To set well, jam needs the right balance of pectin and acid. Lemons provide the acid, but different types of fruit have various levels of pectin.
Pectin rich fruits include apples, gooseberries, blackcurrants, redcurrants and damsons. Combine fruits with differing pectin contents, such as strawberries (low in pectin) and redcurrants, or apples and blackberries (also low).
Test the jam for setting point when it reaches 105°C/220°F (use a sugar thermometer to test the temperature). Dip a wooden spoon into the jam, lift it out horizontally and keep it in this position to cool. Then tilt the spoon and let the jam fall off it. If small drops run together on the edge of the spoon to form larger drops that then fall cleanly off the spoon, the jam has boiled long enough.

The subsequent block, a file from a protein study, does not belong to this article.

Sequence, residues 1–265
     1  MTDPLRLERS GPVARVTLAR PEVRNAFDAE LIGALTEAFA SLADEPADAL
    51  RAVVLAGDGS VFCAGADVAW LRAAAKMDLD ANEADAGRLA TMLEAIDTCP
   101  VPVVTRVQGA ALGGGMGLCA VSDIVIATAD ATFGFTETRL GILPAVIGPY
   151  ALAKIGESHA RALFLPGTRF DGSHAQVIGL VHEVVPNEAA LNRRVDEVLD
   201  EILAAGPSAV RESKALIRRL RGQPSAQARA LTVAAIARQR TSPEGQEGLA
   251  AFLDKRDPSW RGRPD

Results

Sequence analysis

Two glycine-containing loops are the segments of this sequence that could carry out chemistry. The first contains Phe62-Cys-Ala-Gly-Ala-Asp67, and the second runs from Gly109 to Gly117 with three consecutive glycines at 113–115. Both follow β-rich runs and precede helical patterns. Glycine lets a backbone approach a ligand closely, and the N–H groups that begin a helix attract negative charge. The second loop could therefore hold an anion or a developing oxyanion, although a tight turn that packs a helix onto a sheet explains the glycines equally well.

Or, drop a small spoonful of the hot jam onto a cold plate. If it forms a skin on the surface as it cools, which wrinkles when you press it, the jam is at setting point and is ready to pot.
If the potted jam is runny and won't set, don't reboil it - you will only ruin its flavour. Dissolve gelatine in warm water, warm the jam - simply so that you can mix it with the warm gelatine - and stir it into the gelatine solution. (Use 5-6 teaspoons of gelatine for 2½-31b/1.1-1.4kg of jam.) Pot it again and refrigerate when cool. Use it within a few weeks or it may become mouldy.